14 September 1672 The “kuruc” rebels beat the Imperials at Enyicke
This battle took place about the beginning of the period when the Hungarians began to rebel against the Habsburgs in earnest.
The place of the fight was Enyicke (now Slovakia) not far from Kassa (Kosice, Kaschau).
The Habsburgs took heavy revenge over the Hungarians because of the Wesselényi conspiration. Countless burghers, noblemen, peasants, and castle warriors fell victim to it, especially the protestants and the wealthier ones. The warriors of the borderland castles were sent away without pay, the protestants were forced to get converted. All who didn’t want to change religions fled towards Transylvania. Read more about the Battle of Gombás (1670) and the Wesselényi conspiration here:
All these outcasts, Hajdu soldiers, noblemen, peasants, and warriors got assembled at the border of Transylvania and Royal Hungary. At the same time, the Protestant preachers were instigating the inhabitants of Upper Hungary against the occupying Austrian soldiers. It was the situation when General Paris von Spankau, the military commander of Upper Hungary, issued an order against them.
At the end of August, 1672, eight-hundred rebels broke into Upper Hungary, led by Petrőczy István, Kende Gábor, Szepessy Pál and Szuhay Mátyás. They enjoyed some French financial aid and 500 Ottoman Turks from Pasha Hassan of Várad Castle (Oradea), too.
The sent-away castle warriors and the unpaid Protestant Hajdu soldiers joined them and soon their number approached 10,000 men.
Hearing of their success, Kővári Mihály, the captain of Kővár castle also launched his attack against the Austrians with his 700 riders and 500 infantrymen. Yet, he was defeated by the German guards at Szatmár castle on 20 September.
The rebel army was marching through Debrecen and Kálló, then they crossed the Tisza River and were nearing Tokaj, Ónod, and Kassa on the north. By then there had been 15,000 of them. They were opposed by General Paris von Spankau and General Wolfgang von Cobb and their army of 8,000 men but part of them guarded the Borderland castles.
The two marching lines of the rebels met at Szina (Abaújszina) on 13 September. There were also 8,000 of them, without any cannons. They made camp south of Enyicke (now in Slovakia, Haniska). The next day they heard of some raiding German units so 1,200 riders set out, led by Petrőczy and Szuhay. The vanguard of the Germans was led by lieutenant colonel Soyer with his 300 dragoons. General Spankau stood half a mile behind them with his 2,000 soldiers but the Hungarian riders knew nothing of them. It is true, that the Germans didn’t know the closeness of the rebels, either.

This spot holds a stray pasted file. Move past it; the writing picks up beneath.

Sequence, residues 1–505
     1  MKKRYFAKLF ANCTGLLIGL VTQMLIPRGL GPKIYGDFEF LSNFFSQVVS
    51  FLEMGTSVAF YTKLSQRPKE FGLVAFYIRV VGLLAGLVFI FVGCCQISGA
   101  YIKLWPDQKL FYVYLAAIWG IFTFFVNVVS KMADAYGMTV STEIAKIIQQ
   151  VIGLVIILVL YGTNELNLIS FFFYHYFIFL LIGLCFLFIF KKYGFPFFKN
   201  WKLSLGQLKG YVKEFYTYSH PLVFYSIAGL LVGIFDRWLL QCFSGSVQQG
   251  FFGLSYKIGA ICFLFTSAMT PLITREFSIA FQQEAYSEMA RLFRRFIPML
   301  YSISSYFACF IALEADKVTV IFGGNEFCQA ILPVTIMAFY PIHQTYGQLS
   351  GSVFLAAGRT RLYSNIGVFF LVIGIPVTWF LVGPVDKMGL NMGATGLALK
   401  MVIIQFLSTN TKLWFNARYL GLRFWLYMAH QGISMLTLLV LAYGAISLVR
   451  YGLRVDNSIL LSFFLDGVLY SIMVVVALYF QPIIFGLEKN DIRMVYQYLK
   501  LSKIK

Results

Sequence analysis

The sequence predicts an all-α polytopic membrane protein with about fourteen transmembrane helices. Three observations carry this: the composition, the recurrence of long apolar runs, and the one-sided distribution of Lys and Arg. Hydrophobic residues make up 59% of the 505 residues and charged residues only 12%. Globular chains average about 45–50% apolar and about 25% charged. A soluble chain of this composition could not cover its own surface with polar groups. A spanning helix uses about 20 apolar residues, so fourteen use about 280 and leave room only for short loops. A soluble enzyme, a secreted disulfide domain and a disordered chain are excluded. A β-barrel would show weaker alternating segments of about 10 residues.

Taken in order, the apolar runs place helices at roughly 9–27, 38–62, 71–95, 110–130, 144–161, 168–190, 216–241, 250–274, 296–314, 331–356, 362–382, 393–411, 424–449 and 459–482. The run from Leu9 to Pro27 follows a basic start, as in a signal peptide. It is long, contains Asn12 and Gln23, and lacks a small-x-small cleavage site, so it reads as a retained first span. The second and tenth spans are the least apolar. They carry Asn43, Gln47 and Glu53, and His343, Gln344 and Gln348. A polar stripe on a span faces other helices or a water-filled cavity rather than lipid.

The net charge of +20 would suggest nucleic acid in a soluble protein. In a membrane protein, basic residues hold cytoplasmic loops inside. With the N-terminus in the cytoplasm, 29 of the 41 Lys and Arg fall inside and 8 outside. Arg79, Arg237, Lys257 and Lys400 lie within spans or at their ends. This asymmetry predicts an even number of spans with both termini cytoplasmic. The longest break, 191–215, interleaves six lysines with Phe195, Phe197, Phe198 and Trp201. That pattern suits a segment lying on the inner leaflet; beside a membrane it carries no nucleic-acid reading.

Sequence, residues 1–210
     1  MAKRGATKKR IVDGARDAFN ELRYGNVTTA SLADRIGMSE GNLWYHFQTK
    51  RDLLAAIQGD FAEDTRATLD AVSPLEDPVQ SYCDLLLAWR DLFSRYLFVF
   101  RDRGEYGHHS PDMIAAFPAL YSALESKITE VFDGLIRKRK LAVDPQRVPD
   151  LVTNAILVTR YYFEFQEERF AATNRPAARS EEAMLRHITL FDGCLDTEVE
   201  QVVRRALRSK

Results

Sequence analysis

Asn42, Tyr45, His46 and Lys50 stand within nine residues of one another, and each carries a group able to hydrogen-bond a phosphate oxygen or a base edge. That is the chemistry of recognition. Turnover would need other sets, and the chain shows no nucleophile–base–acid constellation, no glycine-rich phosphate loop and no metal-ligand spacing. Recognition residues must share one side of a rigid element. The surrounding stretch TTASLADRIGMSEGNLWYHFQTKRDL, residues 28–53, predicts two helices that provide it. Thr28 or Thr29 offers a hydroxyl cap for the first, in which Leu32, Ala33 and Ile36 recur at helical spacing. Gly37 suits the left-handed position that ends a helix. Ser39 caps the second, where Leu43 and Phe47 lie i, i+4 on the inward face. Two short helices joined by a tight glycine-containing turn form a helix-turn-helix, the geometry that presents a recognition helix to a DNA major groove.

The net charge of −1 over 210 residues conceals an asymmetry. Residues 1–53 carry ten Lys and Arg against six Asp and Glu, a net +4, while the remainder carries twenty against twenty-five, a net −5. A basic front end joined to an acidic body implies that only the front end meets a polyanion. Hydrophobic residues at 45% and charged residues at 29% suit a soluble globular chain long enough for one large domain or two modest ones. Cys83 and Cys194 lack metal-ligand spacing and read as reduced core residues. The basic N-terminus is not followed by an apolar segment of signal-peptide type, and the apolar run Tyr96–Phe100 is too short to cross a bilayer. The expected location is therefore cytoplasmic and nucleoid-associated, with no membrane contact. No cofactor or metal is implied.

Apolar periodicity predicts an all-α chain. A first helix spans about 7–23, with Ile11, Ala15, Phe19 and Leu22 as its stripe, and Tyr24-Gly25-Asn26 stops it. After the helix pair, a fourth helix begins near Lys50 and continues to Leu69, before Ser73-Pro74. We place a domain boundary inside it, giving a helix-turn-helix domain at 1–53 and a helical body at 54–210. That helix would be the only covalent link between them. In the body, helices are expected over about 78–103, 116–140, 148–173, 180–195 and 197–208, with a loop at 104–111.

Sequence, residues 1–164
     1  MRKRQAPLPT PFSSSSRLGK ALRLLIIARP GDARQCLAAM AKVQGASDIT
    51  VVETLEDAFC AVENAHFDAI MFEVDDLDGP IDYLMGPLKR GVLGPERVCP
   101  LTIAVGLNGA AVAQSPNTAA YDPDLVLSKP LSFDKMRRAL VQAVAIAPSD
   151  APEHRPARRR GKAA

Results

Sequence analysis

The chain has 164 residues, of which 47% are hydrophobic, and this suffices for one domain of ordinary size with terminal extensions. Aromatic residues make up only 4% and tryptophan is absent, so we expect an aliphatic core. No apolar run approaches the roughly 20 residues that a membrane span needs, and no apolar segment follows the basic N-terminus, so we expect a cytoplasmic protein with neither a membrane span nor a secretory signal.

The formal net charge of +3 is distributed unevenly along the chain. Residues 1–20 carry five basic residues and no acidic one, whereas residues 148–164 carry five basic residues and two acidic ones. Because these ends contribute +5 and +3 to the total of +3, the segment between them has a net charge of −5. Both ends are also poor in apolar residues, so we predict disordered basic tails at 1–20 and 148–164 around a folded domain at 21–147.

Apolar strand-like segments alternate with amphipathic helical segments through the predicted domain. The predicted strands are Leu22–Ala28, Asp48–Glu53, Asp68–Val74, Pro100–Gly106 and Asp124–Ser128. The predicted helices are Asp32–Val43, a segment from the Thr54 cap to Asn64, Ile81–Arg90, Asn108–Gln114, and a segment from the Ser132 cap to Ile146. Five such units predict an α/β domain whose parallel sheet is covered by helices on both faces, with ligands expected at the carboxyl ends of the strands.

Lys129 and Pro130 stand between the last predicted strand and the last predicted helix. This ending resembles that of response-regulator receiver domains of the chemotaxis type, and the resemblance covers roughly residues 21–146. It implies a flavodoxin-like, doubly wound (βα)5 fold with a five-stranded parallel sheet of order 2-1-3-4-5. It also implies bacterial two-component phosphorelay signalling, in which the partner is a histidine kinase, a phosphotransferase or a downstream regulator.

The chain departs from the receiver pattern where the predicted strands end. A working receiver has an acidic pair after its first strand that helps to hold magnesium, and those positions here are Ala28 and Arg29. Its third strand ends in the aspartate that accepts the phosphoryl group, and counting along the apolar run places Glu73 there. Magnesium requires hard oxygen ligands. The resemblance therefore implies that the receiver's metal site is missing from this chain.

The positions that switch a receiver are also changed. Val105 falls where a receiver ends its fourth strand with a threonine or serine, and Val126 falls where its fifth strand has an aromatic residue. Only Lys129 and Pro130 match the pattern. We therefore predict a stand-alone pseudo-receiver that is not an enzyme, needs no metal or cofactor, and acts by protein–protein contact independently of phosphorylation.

When Petrőczy came to know Spankau’s advance, he sent for reinforcement. Then, he cut down the unit of Soyer. The lieutenant colonel withdrew himself with the remaining dragoons into the palace of Enyick and the rebels began the siege. Spankau attacked the besiegers and succeeded in forcing them back in a three-hour-long fight. Petrőczy and Szuhay were encouraging their soldiers and they rushed at the Austrians and pushed them back again.
Seeing this, Spankau called his reserve forces and regained the ground. At this very moment, János Szőcs arrived from the rebels’ camp with his 2,000 riders and attacked the enemy. The tired Germans – who couldn’t use their muskets because of the wet weather – began wavering. Many of them died or got captured. Even Spankau got wounded and could barely get away to Kassa, with the wreck of his army.
As a result of the victory, the counties of Abaúj, Torna, Gömör, and Sáros have sided with the rebels. The towns of Bártfa, Eperjes, Kisszeben, and Késmárk have all opened their gates, too. Pika Gáspár was able to regain the county of Árva, too. The battle is worth mentioning because it was not only a “meeting fight” but also an open battle and a siege at the same time. There were many brave and trained soldiers among the rebels. They had been able to withstand the overpowering attack for several hours which is only possible in case of an experienced, trained, and well-equipped army.
The lack of discipline and central command became also visible because only 3,200 people could be mobilized out of the 15,000.
The Austrians’ counterattack in October, led by General Cobb, swept the rebels out again from Upper Hungary, by defeating them at Györke. The rebel (“kuruc”) forces kept on fighting until the great “liberation” of Hungary from the Turks began. Then, they all joined the Austrians in the fight, except Thököly, of course. After the end of the Ottoman wars, Prince Rákóczi II Ferenc began his freedom fight in 1703 which lasted until 1711. Freedoms that are not defended will surely be lost. Without these rebels perhaps no one would speak Hungarian here and now.
Source: Szibler Gábor
Note: I wrote a dramatized short historical story about this battle in my book “33 Castles, Battles, Legends”.
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